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Old November 29 2012, 03:30 AM   #71
DarKush
Rear Admiral
 
Re: UT: Refugee Crisis/Dark Territory-"Stealing Fire"

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USS Erickson
Captain’s Ready Room

“Enter,” Captain Redfeather said, not bothering to look up. Hands clasped in front of her, Wyoma’s attention was riveted to Ensign Kittles’s message playing on her desktop computer. She shook her head, pained at every strain of desperation and fear she heard in the woman’s voice. And beneath that was an expectant, clinging desire for revenge.

Wyoma knew in her gut that the woman was dead, that she was lost to them, but perhaps more tragically, by the anguish in Karen’s voice, she had been lost long before her physical demise. Too many good people, her people had died already. And she knew that more would likely perish when they found the marauder vessel. Those deaths would be on top of the innumerable refugees already slaughtered.

The true immensity of that genocide would never be known since they had scuttled the remains of the ship, on Sullivan’s orders. Redfeather rubbed her aching eyes; they felt dry, grainy, as did her mouth. Her shoulders slumped with the burdens of command. She hadn’t faced this much death since the Dominion War ended. When Wyoma had first heard that the Founder had surrendered, she had hoped, foolishly perhaps, that it would usher in a new era of peace, but the Alshain, Talarians, Son’a, Cardassian extremists, and too many other belligerents had already burned that dream into ash.

If she couldn’t save the galaxy, Wyoma resolved to do her best to protect the people in her charge to the best of her ability. To that end, she finally glanced up. “Helen,” she said, punctuating it with a curt nod.

Concern was evident on Lt. Commander Norrbom’s face. “Captain,” she ventured. Redfeather held up a hand, and Helen stopped talking.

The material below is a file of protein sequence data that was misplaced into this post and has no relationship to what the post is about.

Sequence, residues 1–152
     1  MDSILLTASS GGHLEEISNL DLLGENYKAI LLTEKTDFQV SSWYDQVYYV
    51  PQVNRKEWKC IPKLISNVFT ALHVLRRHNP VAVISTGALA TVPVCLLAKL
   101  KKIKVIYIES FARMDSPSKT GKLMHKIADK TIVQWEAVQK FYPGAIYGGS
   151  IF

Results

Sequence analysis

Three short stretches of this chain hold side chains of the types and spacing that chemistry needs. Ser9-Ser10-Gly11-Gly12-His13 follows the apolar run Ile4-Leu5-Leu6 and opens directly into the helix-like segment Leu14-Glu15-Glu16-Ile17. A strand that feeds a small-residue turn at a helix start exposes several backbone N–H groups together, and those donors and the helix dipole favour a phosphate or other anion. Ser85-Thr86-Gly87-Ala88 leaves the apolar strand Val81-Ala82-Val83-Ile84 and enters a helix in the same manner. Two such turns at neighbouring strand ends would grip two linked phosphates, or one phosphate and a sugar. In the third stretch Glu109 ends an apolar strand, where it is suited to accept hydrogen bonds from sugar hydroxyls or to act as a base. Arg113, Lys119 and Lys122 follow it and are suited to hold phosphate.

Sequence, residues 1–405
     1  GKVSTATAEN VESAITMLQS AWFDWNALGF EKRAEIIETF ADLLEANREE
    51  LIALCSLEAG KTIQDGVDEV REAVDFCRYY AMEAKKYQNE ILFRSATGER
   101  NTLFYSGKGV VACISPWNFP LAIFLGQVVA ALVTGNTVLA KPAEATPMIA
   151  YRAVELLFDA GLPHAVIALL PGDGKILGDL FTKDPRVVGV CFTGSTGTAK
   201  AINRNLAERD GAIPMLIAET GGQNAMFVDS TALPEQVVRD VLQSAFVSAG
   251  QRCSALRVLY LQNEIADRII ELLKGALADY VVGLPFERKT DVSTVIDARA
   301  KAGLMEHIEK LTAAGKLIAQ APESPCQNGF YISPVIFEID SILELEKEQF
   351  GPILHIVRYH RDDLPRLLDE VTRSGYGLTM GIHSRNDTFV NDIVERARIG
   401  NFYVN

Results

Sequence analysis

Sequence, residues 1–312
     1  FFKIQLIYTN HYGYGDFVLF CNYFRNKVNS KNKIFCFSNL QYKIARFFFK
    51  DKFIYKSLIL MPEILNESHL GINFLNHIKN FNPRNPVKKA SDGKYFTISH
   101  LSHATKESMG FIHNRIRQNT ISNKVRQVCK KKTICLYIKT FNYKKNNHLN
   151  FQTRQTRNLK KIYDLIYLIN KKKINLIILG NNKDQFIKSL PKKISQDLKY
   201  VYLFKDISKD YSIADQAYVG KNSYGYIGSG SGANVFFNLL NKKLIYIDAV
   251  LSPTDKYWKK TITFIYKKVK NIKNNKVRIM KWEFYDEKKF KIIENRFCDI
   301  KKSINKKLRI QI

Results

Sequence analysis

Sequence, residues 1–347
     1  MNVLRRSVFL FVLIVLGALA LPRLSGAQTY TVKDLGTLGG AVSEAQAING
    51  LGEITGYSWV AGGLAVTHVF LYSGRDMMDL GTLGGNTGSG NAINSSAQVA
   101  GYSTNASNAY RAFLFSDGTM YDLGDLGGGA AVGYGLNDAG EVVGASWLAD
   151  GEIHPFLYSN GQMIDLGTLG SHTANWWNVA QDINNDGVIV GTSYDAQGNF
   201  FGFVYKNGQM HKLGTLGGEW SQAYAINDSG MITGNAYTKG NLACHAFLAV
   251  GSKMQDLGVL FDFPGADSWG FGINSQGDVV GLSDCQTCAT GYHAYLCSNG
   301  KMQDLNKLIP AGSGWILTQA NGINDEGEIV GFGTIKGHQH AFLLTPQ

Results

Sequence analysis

“Kittles is gone,” Redfeather said, disappointed at how detached she sounded.

“You don’t know that for certain Captain,” Helen couldn’t keep herself from interjecting.

“Call it captain’s intuition,” Redfeather glumly replied, briefly touching her stomach, and wishing she could untie its knotting entrails. Enduring the discomfort, the captain replied. “Just like I feel that some of our crew might still be alive. I want them back, still alive.”

“Of course Captain,” Helen said, a determined cast to her expression. “We’ll do all we can to get them back.”

“I know,” Redfeather replied, with a scant, humorless smile, “and that’s why I want you to accompany Commander Donar on the rescue mission…if one is required.”

“But I thought Donar had a hand-picked team,” the operations officer looked at her askance.

“He does,” the captain nodded, “but even though they are the best we got, doesn’t mean they couldn’t use someone with your skills.”

“You don’t trust Donar yet, is that it?” Norrbom asked. The knots tightened so suddenly in Wyoma’s stomach that she almost doubled over. The captain grimaced. She couldn’t lie to her old friend, but she didn’t want to admit the truth.

Helen was more than happy to fill in the blanks. “You’re still not sure of his priorities, if he will become consumed in fighting the abductors and not ensure our peoples’ safety first.”

More than a little irritated that Helen read her so well, and a whole lot more ashamed that she entertained such feelings, the captain tersely nodded in affirmation.

“Of course I’ll do it,” Norrbom answered, “I don’t think he’s going to like me tagging along though,” she paused, and a mischievous smile spread across her lips.

“Helen,” the captain reproached, frowning. “I thought you two had buried the hatchet.” The operations officer shrugged.

“It’s a work in progress,” she admitted. Wyoma sighed.

“Just get our people back, alright?” The captain wearily asked, the weight on her shoulders now about to knock her to the desk.

“We’ll get them back, sir,” Norrbom said, the mischief in her voice now replaced by steel. “And if anything has happened to them, the ones who did it are going to get it paid back twice.”

“Helen, I want you to accompany Commander Donar to be a check on him if his emotions get out of hand,” she finally admitted. The confession didn’t bring her the relief she hoped for. “Do I need to send someone to watch after you?”

“No Captain,” Norrbom stood at attention, “I won’t do anything that will jeopardize our captured personnel.”

“See that you don’t,” Redfeather snapped, harsher than she had intended to be. “Now, I think you have a meeting to crash.”
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